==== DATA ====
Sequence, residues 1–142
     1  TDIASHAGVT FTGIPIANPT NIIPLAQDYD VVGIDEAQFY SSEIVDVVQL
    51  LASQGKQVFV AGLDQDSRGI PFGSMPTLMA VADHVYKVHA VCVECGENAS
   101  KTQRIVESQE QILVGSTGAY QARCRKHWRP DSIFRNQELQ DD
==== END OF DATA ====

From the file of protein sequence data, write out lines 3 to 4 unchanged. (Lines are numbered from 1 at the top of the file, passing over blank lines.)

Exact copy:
    51  LASQGKQVFV AGLDQDSRGI PFGSMPTLMA VADHVYKVHA VCVECGENAS
   101  KTQRIVESQE QILVGSTGAY QARCRKHWRP DSIFRNQELQ DD